The Road to Oz (1909) is the fifth book in L Frank Baum's Oz series, and this is where things start to get a little weird. Dorothy is playing in the front yard of Uncle Henry and Aunt Em's house in Kansas when a shaggy man comes up and asks for directions. The Shaggy Man is apparently some kind of nice hobo guy. Dorothy decides to walk with him part of the way to his destination, because its easier than explaining it, and on the way all the roads start to become unfamiliar and then they find themselves at an intersection of seven roads that they had never seen before. Hmmm. Perhaps we are on our way to Oz?
The two (plus Toto) come across a little boy named Button Bright who answers "Don't know" to pretty much anything you ask him, as well as Polychrome, the daughter of the rainbow who accidentally fell off and now has to dance all the time to stay warm and is constantly searching for dewdrops and mist cakes to eat.
The group goes through many adventures on their way to Oz, including a land of foxes where the king turns Button Bright's head into a fox head, and a land of donkey's where the king turns the Shaggy Man's head into a donkey head.
Luckily the Shaggy Man has a gizmo called the Love Magnet which makes all creatures love him instantly. This Love Magnet (however disturbingly named) gets the gang out of several scrapes.
The creepiest adventure by far, though (and which I'm going to quote in length, so get ready for it), is their meet-up with The Scoodlers.
They moved forward a little faster to see what the dog was barking at, and found perched upon a point of rock by the roadside a curious creature. It had the form of a man, middle-sized and rather slender and graceful; but as it sat silent and motionless upon the peak they could see that its face was black as ink, and it wore a black cloth costume made like a union suit and fitting tight to its skin. Its hands were black, too, and its toes curled down, like a bird's. The creature was black all over except its hair, which was fine, and yellow, banged in front across the black forehead and cut close at the sides. The eyes, which were fixed steadily upon the barking dog, were small and sparkling and looked like the eyes of a weasel.
"What in the world do you s'pose that is?" asked Dorothy in a hushed voice, as the little group of travelers stood watching the strange creature.
"Don't know," said Button-Bright.
The thing gave a jump and turned half around, sitting in the same place but with the other side of its body facing them. Instead of being black, it was now pure white, with a face like that of a clown in a circus and hair of a brilliant purple. The creature could bend either way, and its white toes now curled the same way the black ones on the other side had done.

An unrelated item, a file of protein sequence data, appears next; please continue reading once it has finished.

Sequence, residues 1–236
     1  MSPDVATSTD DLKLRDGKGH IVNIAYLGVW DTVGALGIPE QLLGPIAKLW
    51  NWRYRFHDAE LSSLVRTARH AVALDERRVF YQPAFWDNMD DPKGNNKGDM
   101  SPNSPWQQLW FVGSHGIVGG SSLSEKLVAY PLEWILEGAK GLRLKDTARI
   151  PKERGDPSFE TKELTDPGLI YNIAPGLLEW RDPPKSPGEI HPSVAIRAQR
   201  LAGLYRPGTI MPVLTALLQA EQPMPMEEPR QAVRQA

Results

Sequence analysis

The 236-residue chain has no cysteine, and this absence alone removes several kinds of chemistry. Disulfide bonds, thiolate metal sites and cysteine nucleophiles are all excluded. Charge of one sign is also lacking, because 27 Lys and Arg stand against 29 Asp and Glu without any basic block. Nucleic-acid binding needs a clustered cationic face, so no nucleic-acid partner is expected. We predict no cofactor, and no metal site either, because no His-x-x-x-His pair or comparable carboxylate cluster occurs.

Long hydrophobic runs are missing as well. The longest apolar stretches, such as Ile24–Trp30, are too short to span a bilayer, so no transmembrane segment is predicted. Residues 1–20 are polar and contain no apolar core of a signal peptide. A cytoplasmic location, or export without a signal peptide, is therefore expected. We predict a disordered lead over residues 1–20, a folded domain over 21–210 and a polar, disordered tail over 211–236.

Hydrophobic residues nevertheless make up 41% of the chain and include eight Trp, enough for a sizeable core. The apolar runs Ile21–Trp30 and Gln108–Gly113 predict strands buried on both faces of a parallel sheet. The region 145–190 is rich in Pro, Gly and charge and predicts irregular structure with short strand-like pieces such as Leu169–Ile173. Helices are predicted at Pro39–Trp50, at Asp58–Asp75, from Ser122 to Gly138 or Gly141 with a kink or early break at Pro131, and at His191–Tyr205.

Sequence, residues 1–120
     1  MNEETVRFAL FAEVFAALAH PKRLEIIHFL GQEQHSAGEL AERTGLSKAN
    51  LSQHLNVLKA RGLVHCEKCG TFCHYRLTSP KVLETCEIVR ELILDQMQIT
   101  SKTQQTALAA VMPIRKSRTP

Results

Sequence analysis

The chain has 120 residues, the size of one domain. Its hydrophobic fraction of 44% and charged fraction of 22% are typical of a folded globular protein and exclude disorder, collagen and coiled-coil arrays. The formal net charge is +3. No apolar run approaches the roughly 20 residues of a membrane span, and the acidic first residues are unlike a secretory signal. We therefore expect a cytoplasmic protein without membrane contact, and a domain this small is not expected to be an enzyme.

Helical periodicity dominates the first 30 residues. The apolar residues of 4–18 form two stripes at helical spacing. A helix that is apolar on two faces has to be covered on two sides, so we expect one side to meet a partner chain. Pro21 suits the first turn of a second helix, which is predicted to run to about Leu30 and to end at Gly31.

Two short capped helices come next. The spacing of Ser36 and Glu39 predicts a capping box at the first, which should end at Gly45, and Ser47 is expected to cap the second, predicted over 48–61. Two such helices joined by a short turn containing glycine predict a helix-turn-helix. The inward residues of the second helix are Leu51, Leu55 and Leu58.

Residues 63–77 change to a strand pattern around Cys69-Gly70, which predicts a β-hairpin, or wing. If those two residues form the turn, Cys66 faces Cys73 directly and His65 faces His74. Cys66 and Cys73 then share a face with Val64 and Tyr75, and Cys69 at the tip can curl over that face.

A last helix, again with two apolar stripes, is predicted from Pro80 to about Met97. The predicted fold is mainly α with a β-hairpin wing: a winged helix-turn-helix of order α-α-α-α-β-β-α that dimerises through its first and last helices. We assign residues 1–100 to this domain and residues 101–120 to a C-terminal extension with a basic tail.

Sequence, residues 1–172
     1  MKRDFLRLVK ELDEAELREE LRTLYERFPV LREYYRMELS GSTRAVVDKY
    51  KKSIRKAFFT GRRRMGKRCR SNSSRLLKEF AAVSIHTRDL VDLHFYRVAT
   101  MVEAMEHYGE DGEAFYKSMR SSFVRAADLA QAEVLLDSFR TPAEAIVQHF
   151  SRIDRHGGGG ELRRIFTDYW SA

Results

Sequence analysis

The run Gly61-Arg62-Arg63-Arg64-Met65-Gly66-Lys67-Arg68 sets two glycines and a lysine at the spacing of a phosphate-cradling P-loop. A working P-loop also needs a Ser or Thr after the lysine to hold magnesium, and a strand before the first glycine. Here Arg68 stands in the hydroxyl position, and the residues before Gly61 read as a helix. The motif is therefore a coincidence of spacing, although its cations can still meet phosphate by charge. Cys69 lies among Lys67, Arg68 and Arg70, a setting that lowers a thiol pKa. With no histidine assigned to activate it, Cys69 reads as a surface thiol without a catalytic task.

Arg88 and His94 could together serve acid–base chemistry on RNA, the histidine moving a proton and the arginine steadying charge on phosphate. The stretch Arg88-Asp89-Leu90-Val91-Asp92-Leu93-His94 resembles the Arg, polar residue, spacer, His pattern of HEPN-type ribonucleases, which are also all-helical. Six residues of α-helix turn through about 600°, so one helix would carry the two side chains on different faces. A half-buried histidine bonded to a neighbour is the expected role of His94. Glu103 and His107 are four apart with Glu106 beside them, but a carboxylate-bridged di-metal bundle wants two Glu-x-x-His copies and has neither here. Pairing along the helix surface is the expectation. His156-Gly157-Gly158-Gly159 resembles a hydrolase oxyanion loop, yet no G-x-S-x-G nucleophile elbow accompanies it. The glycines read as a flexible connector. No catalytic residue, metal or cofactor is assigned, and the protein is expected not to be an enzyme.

"It has a face both front and back," whispered Dorothy, wonderingly; "only there's no back at all, but two fronts."
"Wonder if this works with strings," said Dorothy; but Polychrome cried "Look!" for another creature just like the first had suddenly appeared sitting on another rock, its black side toward them. The two twisted their heads around and showed a black face on the white side of one and a white face on the black side of the other.
"How curious," said Polychrome; "and how loose their heads seem to be! Are they friendly to us, do you think?"
[dozens more of the creatures appear and surround the group]
"Ask 'em who they are, and what they want," whispered Dorothy; so the shaggy man called out in a loud voice:
"Who are you?"
"Scoodlers!" they yelled in chorus, their voices sharp and shrill.
"What do you want?" called the shaggy man.
"You!" they yelled, pointing their thin fingers at the group; and they all flopped around, so they were white, and then all flopped back again, so they were black.
"But what do you want us for?" asked the shaggy man, uneasily.
"Soup!" they all shouted, as if with one voice.
Happening just then to feel the Love Magnet in his pocket, [The Shaggy Man] said to the creatures, with more confidence:
"Don't you love me?"
"Yes!" they shouted, all together.
"Then you mustn't harm me, or my friends," said the shaggy man, firmly.
"We love you in soup!" they yelled, and in a flash turned their white sides to the front.
"How dreadful!" said Dorothy. "This is a time, Shaggy Man, when you get loved too much."
[they start walking away, the The Shaggy Man throws a rock at the Scoodlers]
At this the Scoodlers raised a howl. Two of them picked their heads from their shoulders and hurled them at the shaggy man with such force that he fell over in a heap, greatly astonished. The two now ran forward with swift leaps, caught up their heads, and put them on again, after which they sprang back to their positions on the rocks.
I love those creepy Scoodlers. Their queen is even better, but I think I've probably quoted enough. The gang eventually makes its way to Oz (of course) for Ozma's big birthday celebration where they are reunited with all their friends from the other books, as well as characters from some of Baum's non-Oz children's books. A good time is had by all.
And now, since you've read this much, don't you want to go and read the whole thing? Of course you do.